Why We Need a Cultural Red Book for Endangered Cultures, NOW: How Social Scientists and Lawyers/Rights Activists Need to Join Forces

In: International Journal on Minority and Group Rights
David Lempert International Development Consultant;, Email:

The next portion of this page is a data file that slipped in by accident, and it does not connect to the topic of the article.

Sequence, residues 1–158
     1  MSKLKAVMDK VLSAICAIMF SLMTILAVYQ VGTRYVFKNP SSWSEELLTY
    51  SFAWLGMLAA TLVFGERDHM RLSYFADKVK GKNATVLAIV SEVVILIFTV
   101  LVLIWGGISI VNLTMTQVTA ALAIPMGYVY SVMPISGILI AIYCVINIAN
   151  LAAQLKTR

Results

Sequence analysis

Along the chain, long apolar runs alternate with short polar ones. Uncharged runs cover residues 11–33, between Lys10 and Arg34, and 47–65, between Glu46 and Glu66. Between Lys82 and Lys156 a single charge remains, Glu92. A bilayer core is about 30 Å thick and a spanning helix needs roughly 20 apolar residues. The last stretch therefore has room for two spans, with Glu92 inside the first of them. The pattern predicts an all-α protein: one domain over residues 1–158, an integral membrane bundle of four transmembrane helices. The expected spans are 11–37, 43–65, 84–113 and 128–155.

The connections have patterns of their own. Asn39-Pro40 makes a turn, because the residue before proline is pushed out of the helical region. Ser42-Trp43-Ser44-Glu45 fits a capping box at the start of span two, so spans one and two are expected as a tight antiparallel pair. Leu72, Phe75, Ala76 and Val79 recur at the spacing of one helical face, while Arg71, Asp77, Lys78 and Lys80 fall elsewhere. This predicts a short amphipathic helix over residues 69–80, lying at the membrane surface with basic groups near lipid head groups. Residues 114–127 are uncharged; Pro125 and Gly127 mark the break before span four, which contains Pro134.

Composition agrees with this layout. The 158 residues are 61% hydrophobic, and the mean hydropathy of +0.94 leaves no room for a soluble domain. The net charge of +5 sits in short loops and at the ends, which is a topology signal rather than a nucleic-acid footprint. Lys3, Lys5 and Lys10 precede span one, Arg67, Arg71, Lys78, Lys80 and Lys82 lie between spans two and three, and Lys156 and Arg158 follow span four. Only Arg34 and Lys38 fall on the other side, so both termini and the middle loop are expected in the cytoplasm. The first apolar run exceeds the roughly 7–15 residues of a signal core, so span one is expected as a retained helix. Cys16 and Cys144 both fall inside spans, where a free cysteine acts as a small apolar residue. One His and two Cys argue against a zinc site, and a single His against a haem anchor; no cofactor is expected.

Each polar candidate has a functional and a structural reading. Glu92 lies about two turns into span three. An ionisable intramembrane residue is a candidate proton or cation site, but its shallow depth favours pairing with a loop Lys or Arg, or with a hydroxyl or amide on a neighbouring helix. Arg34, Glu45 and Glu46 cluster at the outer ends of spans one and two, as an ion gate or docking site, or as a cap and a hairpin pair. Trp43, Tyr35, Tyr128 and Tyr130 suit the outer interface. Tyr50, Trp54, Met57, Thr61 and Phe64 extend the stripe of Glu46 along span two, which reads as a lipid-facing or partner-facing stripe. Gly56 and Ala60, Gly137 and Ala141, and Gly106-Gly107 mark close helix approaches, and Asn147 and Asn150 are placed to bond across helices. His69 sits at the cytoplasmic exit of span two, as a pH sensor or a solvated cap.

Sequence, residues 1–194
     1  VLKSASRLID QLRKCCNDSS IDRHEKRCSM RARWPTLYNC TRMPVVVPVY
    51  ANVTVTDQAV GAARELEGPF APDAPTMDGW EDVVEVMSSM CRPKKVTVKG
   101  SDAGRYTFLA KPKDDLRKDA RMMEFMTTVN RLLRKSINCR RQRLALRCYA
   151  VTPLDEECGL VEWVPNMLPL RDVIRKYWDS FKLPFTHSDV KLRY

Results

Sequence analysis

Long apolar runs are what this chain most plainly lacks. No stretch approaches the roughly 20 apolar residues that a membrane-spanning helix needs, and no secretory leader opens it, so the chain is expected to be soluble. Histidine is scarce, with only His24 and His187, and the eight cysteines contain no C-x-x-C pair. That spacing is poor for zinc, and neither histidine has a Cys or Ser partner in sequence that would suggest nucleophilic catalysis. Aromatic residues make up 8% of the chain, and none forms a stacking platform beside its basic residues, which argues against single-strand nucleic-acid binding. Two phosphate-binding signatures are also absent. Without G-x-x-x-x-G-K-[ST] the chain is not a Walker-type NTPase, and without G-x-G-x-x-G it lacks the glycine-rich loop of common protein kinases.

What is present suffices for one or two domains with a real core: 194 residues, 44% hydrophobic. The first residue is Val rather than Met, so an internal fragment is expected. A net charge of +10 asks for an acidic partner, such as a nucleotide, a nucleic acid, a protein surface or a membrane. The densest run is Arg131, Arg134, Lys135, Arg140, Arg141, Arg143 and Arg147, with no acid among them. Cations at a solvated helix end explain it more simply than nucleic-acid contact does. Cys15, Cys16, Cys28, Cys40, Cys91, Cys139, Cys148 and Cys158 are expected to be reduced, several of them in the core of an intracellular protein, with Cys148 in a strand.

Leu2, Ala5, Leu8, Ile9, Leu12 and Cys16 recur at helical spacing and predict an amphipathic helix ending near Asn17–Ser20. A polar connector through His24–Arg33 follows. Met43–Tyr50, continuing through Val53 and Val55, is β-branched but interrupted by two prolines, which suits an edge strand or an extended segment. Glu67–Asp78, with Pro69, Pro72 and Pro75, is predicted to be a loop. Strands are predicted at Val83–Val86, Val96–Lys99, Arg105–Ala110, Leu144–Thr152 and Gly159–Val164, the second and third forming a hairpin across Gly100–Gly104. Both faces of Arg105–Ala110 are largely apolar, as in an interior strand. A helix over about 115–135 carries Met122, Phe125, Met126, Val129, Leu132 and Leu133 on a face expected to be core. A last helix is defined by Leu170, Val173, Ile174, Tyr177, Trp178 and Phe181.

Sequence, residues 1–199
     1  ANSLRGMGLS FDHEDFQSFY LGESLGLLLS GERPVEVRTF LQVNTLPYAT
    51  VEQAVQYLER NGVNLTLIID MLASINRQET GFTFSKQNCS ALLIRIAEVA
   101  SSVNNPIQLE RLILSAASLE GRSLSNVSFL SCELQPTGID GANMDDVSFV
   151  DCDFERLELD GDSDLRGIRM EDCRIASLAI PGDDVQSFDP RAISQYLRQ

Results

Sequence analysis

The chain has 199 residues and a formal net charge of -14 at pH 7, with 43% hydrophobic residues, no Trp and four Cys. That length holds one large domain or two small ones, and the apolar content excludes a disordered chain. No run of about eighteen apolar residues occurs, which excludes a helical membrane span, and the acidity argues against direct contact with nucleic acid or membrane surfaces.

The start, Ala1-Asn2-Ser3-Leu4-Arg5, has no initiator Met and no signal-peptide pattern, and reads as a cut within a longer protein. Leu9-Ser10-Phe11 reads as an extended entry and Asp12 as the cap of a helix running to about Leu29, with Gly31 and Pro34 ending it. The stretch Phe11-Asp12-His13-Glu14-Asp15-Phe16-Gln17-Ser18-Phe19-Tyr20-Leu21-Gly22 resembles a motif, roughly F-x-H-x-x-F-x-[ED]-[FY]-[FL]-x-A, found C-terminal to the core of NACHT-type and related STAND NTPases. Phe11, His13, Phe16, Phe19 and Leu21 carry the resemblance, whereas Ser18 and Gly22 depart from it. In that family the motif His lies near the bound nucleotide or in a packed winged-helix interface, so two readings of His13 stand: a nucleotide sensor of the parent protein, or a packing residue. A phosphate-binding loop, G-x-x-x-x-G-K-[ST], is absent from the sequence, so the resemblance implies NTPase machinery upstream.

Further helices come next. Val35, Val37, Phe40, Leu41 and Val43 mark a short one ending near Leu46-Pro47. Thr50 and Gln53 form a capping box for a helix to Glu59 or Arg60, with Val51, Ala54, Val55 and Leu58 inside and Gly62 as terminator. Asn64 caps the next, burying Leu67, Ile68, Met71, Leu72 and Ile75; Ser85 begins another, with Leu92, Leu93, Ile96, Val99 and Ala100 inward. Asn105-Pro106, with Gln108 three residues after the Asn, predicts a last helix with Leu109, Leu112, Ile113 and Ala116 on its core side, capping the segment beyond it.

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Social scientists and biologists/environmentalists have taken two very different legal and political strategies to deal with the parallel concerns of disappearance of cultural and biological diversity, with the environmentalists having greater success in drawing attention and funding. The difference is not due to the legal basis for actions. In terms of international legal protections, the laws and mechanisms for protecting human diversity are probably stronger than those for species. The reason for the greater comparative success of the environmentalists is not due to anything inherent in the areas of concern, but more to the effectiveness of organization of the biologists and ecologists, their ability to present their concerns in a scientific way, and their use of a tool – the Red Book for Endangered Species – that offers an accessible way for non-specialists to understand the threats. This article describes the emerging legal mechanisms in the international community through which human cultures could be more effectively protected, both by legal enforcement and by awareness, through the use of a new policy and screening tool. It describes some of the efforts that have taken place in anthropology, among linguists and others, to begin such systematization. It begins the process of creating a format and standard for such work by offering ideas on a systematic framework. And, it suggests the processes of organizing a united effort among the community of anthropologists, linguists, sociologists and other social scientists, lawyers and human rights professionals to offer this professional and tangible measure of the threats to cultures.

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